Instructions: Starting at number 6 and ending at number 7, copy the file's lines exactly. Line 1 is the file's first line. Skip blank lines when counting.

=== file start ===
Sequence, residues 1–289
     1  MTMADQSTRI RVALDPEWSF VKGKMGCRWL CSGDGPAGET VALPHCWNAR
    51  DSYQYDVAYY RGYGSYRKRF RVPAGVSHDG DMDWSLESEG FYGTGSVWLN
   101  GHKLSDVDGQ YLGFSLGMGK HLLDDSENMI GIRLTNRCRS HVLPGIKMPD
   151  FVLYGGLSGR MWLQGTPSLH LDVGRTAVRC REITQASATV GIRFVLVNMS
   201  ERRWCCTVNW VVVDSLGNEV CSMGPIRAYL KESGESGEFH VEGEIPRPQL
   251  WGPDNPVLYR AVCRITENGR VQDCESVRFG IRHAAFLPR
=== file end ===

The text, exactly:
   201  ERRWCCTVNW VVVDSLGNEV CSMGPIRAYL KESGESGEFH VEGEIPRPQL
   251  WGPDNPVLYR AVCRITENGR VQDCESVRFG IRHAAFLPR